Grip: The Biology of Compulsion (ihobo)
Sheri Graner Ray: Blogger

Microsoft Homophobia?

I have read a report of a gamer being banned from Xbox Live because she identified as a lesbian. If this is true, it is a serious allegation against Microsoft, and one that could lead to a class action suit or similar legal action by civil rights groups.

Here's an extract from a report of the incident:

Teresa says that she was harassed by other players and later suspended from Xbox Live because she identified herself as a lesbian in her profile. When she appealed to Microsoft, she says they told her that other gamers found her sexual orientation "offensive." Teresa says: "I just recently saw a thing on your site about someone's gamer tag being banned because it had the word gay in the tag. I had a similar incident, only my account was suspended because I had said in my profile that I was a lesbian. I was harassed by several players, 'chased' to different maps/games to get away from their harassment. They followed me into the games and told all the other players to turn me in because they didn't want to see that crap or their kids to see that crap. As if xbox live is really appropriate for kids anyways! My account was suspended and xbox live did nothing to solve this, but instead said others found it offensive.

You can't use as a justification for discrimination that "some people find it offensive" - some people find the existence of non-white people offensive, but we do not kowtow to such bigotry in nations purporting to uphold principles of equality and freedom. If anyone else has been discriminated against by Microsoft for gender, sexuality, ethnicity, culture, religious or non-religious beliefs, please let me know.

Comments

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I heard that Microsoft was the exact opposite, going out of its way to welcome and accommodate gay employees. I strongly suspect that anyone identifying their sexual identity in their gamertag has/will face a similar response. That, of course, includes heterosexuals.

Here's an article on Microsoft's practices:
http://www.gamesindustry.biz/articles/ea-microsoft-and-gamestop-awarded-top-marks-from-gay-rights-group

Well this situation is akin to a Gentlemen's Club. When you are offering a service and making it exclusive, you have rights as to who to let in and how those you let in are to go about their business "on your premises".

Microsoft apparently are doing their bit in hiring/recruiting in an equality-friendly way (actively including gay/lesbian and other demographics).

As for their Live service, they lay some very strict rules. The idea being (it seems) to make sure parents feel secure in letting the little kids onto the service.

Unfortunately making rules about what you write in your profile has no bearing on all the voice traffic that, a lot of people say, can be highly offensive to many different demographics.

Microsoft itself has pledged to look into this specific issue, but it seems unlikely they will make their rules less stringent. Perhaps the lesson to learn from this (and similar incidents) is that their banning system needs an overhaul. Just banning people because someone says they are offended by that person is not enough. Also, communication with the users involved would go a long way to make people like Teresa feel less singled out, and maybe help people like her report the problems she had before she was banned.

Anyway - it is hard to know the ins and outs of specific issues - mainly it seems like the ban system is semi-automatic, which needs changing.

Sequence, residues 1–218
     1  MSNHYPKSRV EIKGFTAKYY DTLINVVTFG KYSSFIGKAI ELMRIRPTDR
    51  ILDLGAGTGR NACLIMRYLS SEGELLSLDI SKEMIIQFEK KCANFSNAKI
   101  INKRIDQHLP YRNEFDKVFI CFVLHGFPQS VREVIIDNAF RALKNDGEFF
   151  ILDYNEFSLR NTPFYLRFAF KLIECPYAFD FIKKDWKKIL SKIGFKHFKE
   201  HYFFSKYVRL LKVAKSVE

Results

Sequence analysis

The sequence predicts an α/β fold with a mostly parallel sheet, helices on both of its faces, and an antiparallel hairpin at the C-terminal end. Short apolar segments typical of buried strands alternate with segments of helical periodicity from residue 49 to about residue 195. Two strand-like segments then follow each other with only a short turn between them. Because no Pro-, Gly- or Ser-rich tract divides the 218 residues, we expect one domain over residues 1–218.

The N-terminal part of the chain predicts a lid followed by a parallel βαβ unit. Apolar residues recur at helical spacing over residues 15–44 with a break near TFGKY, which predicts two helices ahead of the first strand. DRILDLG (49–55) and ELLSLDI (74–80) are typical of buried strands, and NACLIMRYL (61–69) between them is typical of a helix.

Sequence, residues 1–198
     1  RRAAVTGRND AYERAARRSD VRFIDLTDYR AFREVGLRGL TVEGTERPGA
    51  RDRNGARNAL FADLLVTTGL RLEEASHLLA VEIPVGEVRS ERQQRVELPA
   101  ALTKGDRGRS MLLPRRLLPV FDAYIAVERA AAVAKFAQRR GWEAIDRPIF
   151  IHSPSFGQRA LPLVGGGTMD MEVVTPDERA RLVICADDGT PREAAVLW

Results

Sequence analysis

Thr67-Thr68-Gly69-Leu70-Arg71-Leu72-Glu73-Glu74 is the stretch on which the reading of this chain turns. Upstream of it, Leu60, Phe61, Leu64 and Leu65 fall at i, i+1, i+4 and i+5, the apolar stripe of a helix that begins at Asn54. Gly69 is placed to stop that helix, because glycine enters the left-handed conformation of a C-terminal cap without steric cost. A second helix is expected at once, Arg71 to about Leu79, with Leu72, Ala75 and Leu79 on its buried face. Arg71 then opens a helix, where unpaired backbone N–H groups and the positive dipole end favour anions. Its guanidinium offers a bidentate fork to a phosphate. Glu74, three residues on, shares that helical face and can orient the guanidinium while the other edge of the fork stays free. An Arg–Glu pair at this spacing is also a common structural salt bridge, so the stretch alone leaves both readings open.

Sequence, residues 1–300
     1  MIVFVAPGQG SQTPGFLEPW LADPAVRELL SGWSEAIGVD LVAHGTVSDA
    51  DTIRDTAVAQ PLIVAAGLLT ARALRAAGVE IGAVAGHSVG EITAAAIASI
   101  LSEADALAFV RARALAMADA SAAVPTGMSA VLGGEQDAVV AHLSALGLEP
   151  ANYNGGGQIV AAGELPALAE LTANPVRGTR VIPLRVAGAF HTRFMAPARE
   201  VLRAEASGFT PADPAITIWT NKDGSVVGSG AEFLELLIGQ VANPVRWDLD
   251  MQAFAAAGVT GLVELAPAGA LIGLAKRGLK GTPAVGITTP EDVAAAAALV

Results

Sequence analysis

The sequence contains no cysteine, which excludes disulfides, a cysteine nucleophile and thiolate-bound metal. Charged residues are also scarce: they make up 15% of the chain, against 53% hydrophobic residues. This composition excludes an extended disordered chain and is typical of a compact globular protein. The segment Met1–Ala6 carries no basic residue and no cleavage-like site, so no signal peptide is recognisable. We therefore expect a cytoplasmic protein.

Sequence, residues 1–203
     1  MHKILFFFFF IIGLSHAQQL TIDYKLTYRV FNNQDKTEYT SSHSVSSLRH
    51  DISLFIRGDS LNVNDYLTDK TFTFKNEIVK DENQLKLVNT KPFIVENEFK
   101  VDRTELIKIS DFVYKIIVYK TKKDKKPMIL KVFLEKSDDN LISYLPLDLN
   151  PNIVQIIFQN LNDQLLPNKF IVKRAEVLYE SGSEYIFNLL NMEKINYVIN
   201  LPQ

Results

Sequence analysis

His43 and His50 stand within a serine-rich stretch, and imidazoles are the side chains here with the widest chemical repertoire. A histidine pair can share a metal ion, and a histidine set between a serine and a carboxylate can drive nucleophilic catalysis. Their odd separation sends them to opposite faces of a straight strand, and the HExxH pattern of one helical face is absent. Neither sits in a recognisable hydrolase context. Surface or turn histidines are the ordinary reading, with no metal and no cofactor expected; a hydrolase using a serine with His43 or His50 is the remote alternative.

As for the sensitivity to personal information - all online content providers have issues here, and none of them are perfect. Both Sony and Microsoft have recently been shown to have problems in this area - it is part of the problems of offering such open services.

Tysen: I appreciate your point here, but heterosexuals don't usually identity as such, in the same way that white people in the West often don't identity as such. It's the minorities that need the support - banning someone is an extreme act to take, and it requires serious justification, especially if it was not preceded by a caution in terms of violation of terms of service.

Neil: It's doesn't strike me as at all like a Gentleman's Club, unless you mean in terms the high proportion of male members. >:) A Gentleman's Club is courting an exclusive clientèle of no more than a few hundred people - Microsoft are running a public subscription service intended to support hundreds of thousands of people.

Can you imagine Facebook banning people for expressing a sexuality?

If Microsoft want to keep part of its service "family friendly" (not that I believe that being a lesbian is not family friendly, but...) they have their community sorting function in place when people sign up to Live. A blanket ban on a specific culture or identity across all community groups strikes me as very shaky legal ground.

I'd like to see some more evidence of what's going on here, though, as at the moment we only have fragmentary information.

"It is true that as a matter of policy, the expression of relationship preference in Gamertag profiles and tags is not allowed across the board, whether that's heterosexual or other," Stephen Toulouse, program manager for policy and enforcement on Xbox Live, told MTV News in a phone interview. "But as we saw when we ran into an issue with this [last year,] we started looking into that policy."

He acknowledged that the current policy could use improving: "It's inelegant. And it's inelegant because the text-box field is freeform."

From here: http://www.mtv.com/news/articles/1605966/20090226/story.jhtml

Thanks Josh! I appreciate the info.

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